When my dad was about to turn 60 in the fall of 2007, my mom asked me to give a speech at an elaborate birthday celebration she was planning at their church. This request legitimately terrified me, and for a long time I couldn’t think of the first thing to say. When I was growing up, my dad had always been a fairly private man who expressed his love for his family through his provision. I never lacked for anything I needed (or even most things I wanted), but we were never particularly close or expressive in our affection, and after I graduated high school and moved away, our communication grew more distant and less frequent.
Sometimes I would watch a movie with a poignant scene between a father and a son or listen to a friend’s story about a tender moment with his father, and something in my heart would convulse. I felt like a blind man having a rainbow described to him – it triggered a visceral longing completely out of the grid of my life experience, where on one hand I would be crying from raw emotion and on the other hand I felt detached and unable to relate in any personal way.
If I stayed in that place too long, I would start feeling guilty. I knew my dad’s way of showing love was by taking care of us physically and materially, and I knew he was a first-generation Taiwanese immigrant whose father had been a strict and private man himself. In my mind, my best response was to just be thankful for how my dad loved us in his way and to accept that moments of shared intimacy between fathers and sons were meant for other families, not ours.
After a few days of internal struggle, I decided to open my speech with this line: My father has always been somewhat of a mystery to me…
One afternoon in the summer of 2015, my wife and I huddled together in our backyard over an envelope from her ob-gyn which contained the gender of our third child. As we opened it and realized we were about to have our first boy, we both began to cry, and throughout the rest of the day I would find myself wiping away tears without having even realized I was crying.
There’s something about both being a son and being a father that resonates in the core of a man’s heart. Knowing I was about to experience the father-son relationship from the other side, I realized I couldn’t continue to ignore the effects the lack of relationship with my own father had on my heart. That’s what categorized our relationship really, it wasn’t negative, it wasn’t abusive, it just…wasn’t. And so for the first time, I admitted to myself that I had a need for a tangible father’s presence in my life, that the convulsions in my heart actually came from a desperate longing to be fathered.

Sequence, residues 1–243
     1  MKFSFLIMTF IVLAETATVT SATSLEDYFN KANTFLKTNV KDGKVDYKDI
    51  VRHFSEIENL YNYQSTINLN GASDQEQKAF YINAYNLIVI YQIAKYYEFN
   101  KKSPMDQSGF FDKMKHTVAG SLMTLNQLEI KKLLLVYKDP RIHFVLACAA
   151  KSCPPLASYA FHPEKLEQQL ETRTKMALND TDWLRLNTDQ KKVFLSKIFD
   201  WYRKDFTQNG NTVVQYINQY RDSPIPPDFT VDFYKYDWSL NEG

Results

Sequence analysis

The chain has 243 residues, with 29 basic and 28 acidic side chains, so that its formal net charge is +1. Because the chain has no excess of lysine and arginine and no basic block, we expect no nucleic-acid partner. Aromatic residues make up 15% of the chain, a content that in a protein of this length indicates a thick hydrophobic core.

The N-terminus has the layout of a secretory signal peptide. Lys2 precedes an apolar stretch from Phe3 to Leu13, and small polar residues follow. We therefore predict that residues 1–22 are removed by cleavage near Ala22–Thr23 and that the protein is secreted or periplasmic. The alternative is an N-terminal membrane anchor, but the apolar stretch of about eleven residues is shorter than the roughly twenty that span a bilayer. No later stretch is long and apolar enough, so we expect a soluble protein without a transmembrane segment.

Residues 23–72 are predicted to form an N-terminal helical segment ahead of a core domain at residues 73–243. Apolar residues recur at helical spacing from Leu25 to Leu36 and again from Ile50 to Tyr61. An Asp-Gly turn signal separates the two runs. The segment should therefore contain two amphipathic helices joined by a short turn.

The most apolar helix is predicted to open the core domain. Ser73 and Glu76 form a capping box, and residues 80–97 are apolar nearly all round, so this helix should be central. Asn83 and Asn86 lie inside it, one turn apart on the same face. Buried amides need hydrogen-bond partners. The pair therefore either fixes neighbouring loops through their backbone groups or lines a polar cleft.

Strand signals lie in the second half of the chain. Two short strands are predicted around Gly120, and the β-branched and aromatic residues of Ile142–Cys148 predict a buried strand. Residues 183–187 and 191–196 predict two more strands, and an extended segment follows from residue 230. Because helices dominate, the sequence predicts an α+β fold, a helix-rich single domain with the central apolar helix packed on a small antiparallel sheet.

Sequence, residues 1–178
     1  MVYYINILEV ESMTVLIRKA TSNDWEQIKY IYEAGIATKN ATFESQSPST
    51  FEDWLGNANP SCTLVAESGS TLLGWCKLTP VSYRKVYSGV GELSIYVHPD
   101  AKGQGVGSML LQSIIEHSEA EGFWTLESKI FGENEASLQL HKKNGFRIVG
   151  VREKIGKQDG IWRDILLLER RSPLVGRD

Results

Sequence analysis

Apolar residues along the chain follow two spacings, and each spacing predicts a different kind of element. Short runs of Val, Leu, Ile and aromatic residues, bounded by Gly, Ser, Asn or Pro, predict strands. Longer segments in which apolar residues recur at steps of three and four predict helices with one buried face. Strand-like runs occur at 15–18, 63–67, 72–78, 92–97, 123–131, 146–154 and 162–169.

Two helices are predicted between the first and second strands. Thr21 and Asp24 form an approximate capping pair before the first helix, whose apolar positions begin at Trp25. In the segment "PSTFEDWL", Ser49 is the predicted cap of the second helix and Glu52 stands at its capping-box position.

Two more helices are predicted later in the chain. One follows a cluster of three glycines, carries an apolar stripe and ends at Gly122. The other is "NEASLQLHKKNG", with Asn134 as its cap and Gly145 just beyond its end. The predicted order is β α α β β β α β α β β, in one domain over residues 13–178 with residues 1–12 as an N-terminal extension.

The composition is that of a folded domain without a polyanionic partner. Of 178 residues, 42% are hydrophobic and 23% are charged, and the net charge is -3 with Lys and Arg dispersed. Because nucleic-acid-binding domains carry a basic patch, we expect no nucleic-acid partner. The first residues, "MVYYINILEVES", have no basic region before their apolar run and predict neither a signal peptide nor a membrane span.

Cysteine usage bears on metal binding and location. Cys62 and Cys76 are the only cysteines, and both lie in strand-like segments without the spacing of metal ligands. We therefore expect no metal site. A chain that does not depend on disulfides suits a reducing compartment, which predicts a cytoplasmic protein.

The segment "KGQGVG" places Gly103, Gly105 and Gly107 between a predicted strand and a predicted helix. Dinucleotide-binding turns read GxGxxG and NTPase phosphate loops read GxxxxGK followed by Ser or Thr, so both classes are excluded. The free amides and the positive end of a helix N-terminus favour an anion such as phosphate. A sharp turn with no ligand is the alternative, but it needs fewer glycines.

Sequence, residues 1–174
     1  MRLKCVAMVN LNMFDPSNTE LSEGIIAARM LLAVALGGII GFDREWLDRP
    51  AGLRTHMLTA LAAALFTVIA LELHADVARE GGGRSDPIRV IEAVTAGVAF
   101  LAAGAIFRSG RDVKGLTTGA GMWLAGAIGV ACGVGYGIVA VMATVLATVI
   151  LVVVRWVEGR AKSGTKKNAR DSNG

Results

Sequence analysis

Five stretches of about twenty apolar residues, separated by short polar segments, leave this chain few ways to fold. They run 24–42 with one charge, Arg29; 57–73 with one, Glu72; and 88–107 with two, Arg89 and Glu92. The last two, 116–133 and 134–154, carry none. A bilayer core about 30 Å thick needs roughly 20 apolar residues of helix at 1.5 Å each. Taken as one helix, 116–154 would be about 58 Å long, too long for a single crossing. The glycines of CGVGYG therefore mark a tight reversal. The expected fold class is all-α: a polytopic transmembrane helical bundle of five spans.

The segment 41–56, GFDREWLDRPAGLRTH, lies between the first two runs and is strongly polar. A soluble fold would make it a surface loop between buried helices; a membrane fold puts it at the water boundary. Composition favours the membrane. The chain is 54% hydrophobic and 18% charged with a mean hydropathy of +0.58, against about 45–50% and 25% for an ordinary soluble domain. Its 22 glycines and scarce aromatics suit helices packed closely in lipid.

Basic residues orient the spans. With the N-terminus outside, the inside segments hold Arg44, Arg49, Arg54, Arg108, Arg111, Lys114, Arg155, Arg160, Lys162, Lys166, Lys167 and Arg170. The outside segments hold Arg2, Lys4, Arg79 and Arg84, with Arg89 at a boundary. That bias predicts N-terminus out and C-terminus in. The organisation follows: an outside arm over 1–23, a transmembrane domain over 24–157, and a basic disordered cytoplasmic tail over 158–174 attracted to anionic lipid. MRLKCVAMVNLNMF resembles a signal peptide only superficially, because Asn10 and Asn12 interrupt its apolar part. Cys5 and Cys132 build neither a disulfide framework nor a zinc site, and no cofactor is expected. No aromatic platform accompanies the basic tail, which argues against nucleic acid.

Over the past few years I’ve reached out to my dad by writing him heartfelt emails, by sharing my entire journey towards sexual purity with him, and by telling him I love him more times than I have in my first 30+ years of life combined. Early on in this process, a counselor told me that I needed to have realistic expectations about what my dad would be able to give to me, that he most likely wouldn’t just suddenly develop the capacity to fill the open wound of fatherlessness that I carried. And it was true, his responses have ranged from awkward to hurtful, most recently last New Year’s Eve when I gave him a hug and told him I loved him, and was met with an offhand comment about my weight.
One of the main axioms of ManAlive is that it’s relationships that hurt us, and so it’s relationships that will heal us. One offshoot of this is that as our capacity for relationship grows, so does our potential to be hurt, and so does our compassion for the hurt that others carry.
Last week as we sat down for our evening family prayer time one night, my two young daughters were fighting over who gets to sit in mommy’s lap as they often do, and in that moment, I felt wounded and rejected by them. My brain knew that they love and adore me and that in their innocence they didn’t intend for me to feel one ounce of rejection, but my heart felt differently. I thought back to my New Year’s Eve interaction with my dad, and for the first time, I thought about how I, as his only son, may have unknowingly hurt him in a thousand different ways as I was growing up. With his cultural background and life experience and a complete lack of access to all the tools I’ve gained over the years for healthy emotional processing, his only response would have been to shut his own heart down to numb the pain, suffocating any connection we may have had before it even had a chance.
Ten years ago, I ended my speech for his 60th birthday with this: Thanks Dad, for your mystery, for your heart, for everything.
Sometimes I wish that my father-son story had a singular momentous turning point and that I could point to one day when everything changed and we began living life as Father and Son. That day hasn’t yet happened, and in truth it may never happen. What I have gained instead is an understanding that my capacity for wounding and being wounded is much deeper than I ever realized, and that the journey to healing and wholeness is comprised of a seemingly infinite number of small steps. All I can do, what I must do, is continue on this journey one step at a time, in unending pursuit of the connection between hearts that gives everything its meaning. My hope is that one day, my dad will be walking alongside me.